A Column for Women: Among Ourselves ...

An Emerging "Invisible" Community of Women With HIV

The calls have come in one or two at a time, then none for weeks. Then a few at a time, with a few more staggered calls over weeks or months. The pattern has remained fairly steady for the past several years. The callers are women who are HIV-positive who are aware of what it might mean and usually aware of how they became positive. They are trying to acquaint themselves with all that they need to know to cope and make decisions.

Feeling Alone

Sometimes their HIV diagnosis is known to no one but a doctor, and maybe a husband or friend. Some of these women have told few friends or family members. Some who tested anonymously have told no one. They alone know their status.

They call after reading this column, or another article, or after hearing a hotline number on the radio. They call with a variety of questions, concerns, fears and desires. For a long time, the calls came from various places throughout the Southland. Now that this publication has gone on line, the calls from women seeking women's resources and women's support come from across the country.

A Delaware woman: "I was just diagnosed and I need to find a doctor. I don't want to call locally. It's a small town and I can't go to anyone here."

A Utah woman: "All my brothers and sisters are married, and my family is pressuring me as well to settle down and have children."

Why Tell Anyone?

One woman who has been HIV-asymptomatic for five years watches the new protease inhibitors with great optimism.

If a new class of treatments is developed to control HIV before she becomes symptomatic, she reasons, why tell anyone? Right now, only her doctor's office, the lab and her husband know her diagnosis. If that doesn't have to change, it won't.

From a mother in Southern California: "My seven-year-old comes home from school saying terrible things that he's picked up from other kids about people with AIDS. Kids are talking about this. What am I supposed to tell my son?"

A young woman in East L.A. who has only had one boyfriend: "I can't tell anyone about this. No one will ever ask me out again."

The plaintive truth about the women who call me or my co-workers makes the ongoing nature of some basic problems clear.

  • The number of women "out there" who are living with HIV. Women who are in the closet about their HIV status are often statistically invisible. AIDS-service organizations don't see them. Unfortunately, all too often, neither do HIV specialty medical practices or clinics, simply because many people still don't know where to go for expert help, or fear to be visible.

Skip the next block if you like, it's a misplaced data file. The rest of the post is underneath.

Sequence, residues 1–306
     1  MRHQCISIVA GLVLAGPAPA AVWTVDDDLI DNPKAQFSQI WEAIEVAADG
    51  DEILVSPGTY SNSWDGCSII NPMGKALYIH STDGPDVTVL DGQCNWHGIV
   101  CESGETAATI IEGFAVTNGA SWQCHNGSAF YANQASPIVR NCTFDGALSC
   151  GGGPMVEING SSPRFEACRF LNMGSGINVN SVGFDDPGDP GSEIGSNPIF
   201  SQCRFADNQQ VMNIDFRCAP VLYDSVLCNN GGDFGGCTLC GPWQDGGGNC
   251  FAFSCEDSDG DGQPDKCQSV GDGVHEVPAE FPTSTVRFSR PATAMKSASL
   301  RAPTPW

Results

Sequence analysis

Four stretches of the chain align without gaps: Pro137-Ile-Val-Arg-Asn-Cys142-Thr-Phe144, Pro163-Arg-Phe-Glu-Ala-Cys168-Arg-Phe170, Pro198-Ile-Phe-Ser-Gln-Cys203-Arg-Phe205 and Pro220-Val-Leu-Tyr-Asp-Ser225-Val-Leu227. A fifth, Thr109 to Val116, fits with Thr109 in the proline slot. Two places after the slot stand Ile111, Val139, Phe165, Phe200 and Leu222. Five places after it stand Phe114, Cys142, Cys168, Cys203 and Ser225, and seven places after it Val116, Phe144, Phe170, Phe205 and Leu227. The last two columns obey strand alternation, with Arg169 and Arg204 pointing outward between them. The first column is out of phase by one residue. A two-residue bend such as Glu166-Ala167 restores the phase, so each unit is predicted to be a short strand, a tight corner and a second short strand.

• The difficulty of getting information while "outside the loop" of HIV information. The basic knowledge that many of us in the HIV community take for granted -new treatments, new programs, where to make connections- disseminates within a framework of connected people. Recent conversations with several women prove to me that making that connection can still be a very hard step for a lot of women. Why does a Delaware woman who is looking for a referral to a local doctor call Los Angeles from a phone booth in Delaware?

  • The incredible, agonizing isolation. Many women do not know another HIV-positive woman. Many remain unaware that HIV support groups for women exist or that whole networks of positive women interact to support each other.


At a recent professional forum, I spoke with a clinical psychologist, a highly trained and experienced woman in her 40s who specializes in family practice. She had come to the forum because two of her patients are HIV-positive, and she wanted to learn more. After the forum presentations, she commented: "Are that many women really HIV-positive? I never knew there were HIV-positive women who are having babies."

It is a powerful statement, coming from a mental health professional in a society where HIV has blitzed the popular media for at least 10 years. If that's what a trained and experienced psychologist thinks, what does a teen-age girl think?

Los Angeles Shanti has published a revised edition of its Directory of Services for Women and Children Affected by HIV/AIDS in Los Angeles. The directory is available in English and Spanish. To request a copy, call (213) 962-8197 or (818) 908-8849.

Among Ourselves . . . invites letters and columns from women in the community who are affected by HIV. If you are interested in writing a column, call Rebecca Solomon at (213) 993-1436.

Among Ourselves . . . is a monthly column by members of AIDS Project Los Angeles' Women and HIV Advocacy Committee. Rebecca Solomon is an APLA case manager who writes extensively on women and HIV.

This article has been reprinted at The Body with the permission of AIDS Project Los Angeles (APLA).